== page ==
On the other hand, some business owners have paid a high price for trusting their managers. The owner of one Chinese household-products firm trusted one of his managers so much that he gave him enough power to run the company. Subsequently, the manager kept such tight control of the company’s financial records that no one-not even the owner-was able to get a look at them. Then, when the owner forced the manager to agree to an outside financial audit, the manager tried to purge documents that he didn’t want others to see. In the end, the manager left to build his own company.

Weak management system in companies

Weak management and accounting systems in Chinese companies make it all too easy for managers to engage in unethical and even criminal behaviours: Many companies don’t require managers to submit expense receipts with claims for reimbursement; managers may simply submit false receipts when they are required; and spending company money for personal gain is not uncommon.

Business owners are also quite willing to take advantage of loopholes in China’s accounting system and company policies are not effective in preventing this. Bribing government officials with company money is a popular approach in China. The owner of one industrial-products company paid off government members in return for their help in sending business his way. Sometimes the bribes took the form of free drinks or dinner, all paid for with company money. The management system in this company was so weak and full of holes that the managers, too, were getting away with unethical behaviour.

Weak legal systems

The legal system in China actually contributes to the country’s ethical dilemma because it does little to protect employment contracts or settle labour disputes. Employment contracts do exist, but they are rarely enforced. If companies are not satisfied with their managers, the owners may simply dismiss them, even if the dismissal violates employee contracts. Chinese business owners, managers and employees often do not seek legal protection over labour disputes because they are not used to the legal system, and do not have confidence in its integrity or fairness. Those who do use legal channels to resolve an employment dispute are likely to receive only small compensation. As a result, perpetrators face little legal risk for engaging in unethical and illegal business behaviours.

Short-term personal gain is a priority for many managers because they can be terminated at will, with little legal consequence. One wholesale department store in China discovered that many of its managers were using the company’s sales channels to sell their own products, which dramatically increased company costs. What’s more, the managers neglected their jobs to promote their own products. In the end, the company was forced to file for bankruptcy.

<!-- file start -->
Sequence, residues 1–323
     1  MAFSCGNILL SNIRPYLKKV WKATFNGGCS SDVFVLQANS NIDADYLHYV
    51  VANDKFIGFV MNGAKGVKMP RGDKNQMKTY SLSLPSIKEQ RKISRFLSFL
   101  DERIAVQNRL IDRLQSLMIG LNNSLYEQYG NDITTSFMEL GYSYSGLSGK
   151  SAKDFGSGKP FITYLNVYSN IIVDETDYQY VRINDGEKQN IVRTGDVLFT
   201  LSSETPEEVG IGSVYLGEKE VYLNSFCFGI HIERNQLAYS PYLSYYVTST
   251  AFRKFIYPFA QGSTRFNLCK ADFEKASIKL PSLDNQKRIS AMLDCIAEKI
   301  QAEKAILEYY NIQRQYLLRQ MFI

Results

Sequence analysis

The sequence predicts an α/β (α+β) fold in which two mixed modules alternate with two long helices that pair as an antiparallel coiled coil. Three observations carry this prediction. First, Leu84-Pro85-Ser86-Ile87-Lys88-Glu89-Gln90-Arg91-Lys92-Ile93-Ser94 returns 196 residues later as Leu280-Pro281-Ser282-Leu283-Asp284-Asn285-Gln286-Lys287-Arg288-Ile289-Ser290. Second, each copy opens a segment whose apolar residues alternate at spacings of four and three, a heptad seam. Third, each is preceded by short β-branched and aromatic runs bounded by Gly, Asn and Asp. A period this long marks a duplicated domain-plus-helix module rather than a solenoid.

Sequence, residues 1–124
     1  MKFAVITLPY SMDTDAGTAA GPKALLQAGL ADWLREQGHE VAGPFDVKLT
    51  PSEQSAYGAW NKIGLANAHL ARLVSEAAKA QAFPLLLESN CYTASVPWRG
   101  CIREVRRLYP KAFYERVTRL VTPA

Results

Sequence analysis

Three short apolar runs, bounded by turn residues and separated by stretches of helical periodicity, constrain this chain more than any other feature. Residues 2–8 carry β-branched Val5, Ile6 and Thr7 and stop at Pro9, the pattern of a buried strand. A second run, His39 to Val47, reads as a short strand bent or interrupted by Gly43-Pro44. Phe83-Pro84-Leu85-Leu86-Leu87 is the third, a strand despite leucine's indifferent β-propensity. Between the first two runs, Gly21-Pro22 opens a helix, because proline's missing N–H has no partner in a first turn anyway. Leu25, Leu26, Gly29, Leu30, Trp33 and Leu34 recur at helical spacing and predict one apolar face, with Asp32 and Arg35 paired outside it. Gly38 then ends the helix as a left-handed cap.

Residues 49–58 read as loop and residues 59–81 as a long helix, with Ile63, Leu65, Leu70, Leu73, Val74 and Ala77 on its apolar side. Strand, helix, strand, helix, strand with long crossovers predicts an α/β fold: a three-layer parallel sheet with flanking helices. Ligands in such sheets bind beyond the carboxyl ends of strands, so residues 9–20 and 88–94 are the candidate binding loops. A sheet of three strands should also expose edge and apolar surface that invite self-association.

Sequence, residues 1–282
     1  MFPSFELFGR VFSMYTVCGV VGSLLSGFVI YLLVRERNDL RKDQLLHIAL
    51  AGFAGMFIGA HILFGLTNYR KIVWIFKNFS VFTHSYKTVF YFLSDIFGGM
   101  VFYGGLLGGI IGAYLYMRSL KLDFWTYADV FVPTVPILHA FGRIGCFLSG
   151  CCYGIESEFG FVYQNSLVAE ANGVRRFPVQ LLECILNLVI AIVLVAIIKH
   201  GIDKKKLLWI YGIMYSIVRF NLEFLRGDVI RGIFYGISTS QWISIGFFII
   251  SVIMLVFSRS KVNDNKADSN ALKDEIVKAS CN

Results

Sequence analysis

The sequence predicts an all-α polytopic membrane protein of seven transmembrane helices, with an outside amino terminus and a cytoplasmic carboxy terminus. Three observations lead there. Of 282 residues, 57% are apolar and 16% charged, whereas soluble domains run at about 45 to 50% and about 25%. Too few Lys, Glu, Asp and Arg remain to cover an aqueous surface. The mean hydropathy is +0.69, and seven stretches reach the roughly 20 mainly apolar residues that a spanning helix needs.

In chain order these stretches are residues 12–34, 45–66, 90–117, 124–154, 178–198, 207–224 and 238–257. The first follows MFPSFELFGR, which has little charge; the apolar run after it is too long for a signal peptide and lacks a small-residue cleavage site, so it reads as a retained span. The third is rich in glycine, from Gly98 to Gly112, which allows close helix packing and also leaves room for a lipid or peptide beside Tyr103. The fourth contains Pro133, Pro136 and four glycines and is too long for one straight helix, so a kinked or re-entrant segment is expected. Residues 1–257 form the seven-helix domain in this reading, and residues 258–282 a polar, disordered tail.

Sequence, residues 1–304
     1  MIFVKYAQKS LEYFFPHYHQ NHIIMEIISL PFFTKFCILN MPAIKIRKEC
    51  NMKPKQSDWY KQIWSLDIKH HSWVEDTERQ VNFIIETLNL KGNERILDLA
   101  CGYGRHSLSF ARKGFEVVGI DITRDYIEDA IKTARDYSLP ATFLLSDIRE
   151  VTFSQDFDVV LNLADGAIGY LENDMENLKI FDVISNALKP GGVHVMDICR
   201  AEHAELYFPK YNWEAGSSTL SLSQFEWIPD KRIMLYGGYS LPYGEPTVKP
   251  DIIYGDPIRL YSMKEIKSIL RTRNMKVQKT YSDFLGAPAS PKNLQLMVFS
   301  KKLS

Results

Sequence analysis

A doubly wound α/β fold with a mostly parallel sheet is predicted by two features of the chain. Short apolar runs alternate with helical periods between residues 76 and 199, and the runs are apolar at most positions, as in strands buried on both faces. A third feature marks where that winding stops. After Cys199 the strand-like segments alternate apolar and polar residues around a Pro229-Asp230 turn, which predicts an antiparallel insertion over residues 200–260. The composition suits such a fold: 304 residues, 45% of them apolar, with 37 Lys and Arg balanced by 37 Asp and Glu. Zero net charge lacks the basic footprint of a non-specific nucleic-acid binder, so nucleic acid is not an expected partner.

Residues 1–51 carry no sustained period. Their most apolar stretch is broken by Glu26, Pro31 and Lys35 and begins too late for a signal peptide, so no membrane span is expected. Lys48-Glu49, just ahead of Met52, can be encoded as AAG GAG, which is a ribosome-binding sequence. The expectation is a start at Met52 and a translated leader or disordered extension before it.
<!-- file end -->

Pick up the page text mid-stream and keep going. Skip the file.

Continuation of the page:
Other factors

As China’s economy booms, business managers are eager to advance their careers and share in the wealth. In 2001 a survey of business managers in five major Chinese cities found that close to 40 per cent were not satisfied with the career opportunities provided by their companies; about the same number were not happy with their living and career conditions (see Table 1). With such a high rate of dissatisfaction, it is not surprising to find unethical behaviour among Chinese business managers.

In China, it is also far too easy for managers to hide past transgressions when they are changing jobs, because employee referral and background checking systems are ineffective. Chinese companies often do not have reliable sources to check the background of management candidates, so managers engaging in unethical behaviour are actually risking little.

Solutions and suggestions

The ethical issues facing Chinese companies can’t be solved overnight, but here are some recommendations for getting started.

Promote an ethical culture


Companies such as Huawei Technologies Co., a well-known Chinese IT company, are strengthening management ethics through education and culture change. In 1997, Huawei developed ethical behaviour standards for employees and the company; it educated employees about the new rules, and included ethical behaviour in employee evaluations. Companies may also recruit managers whose values and personal goals are similar to those of the organization, as well as encourage their managers to identify with the company’s goals. This helps managers to feel comfortable about the company and stay with the firm longer. With a long-term view, managers are less likely to engage in unethical behaviour.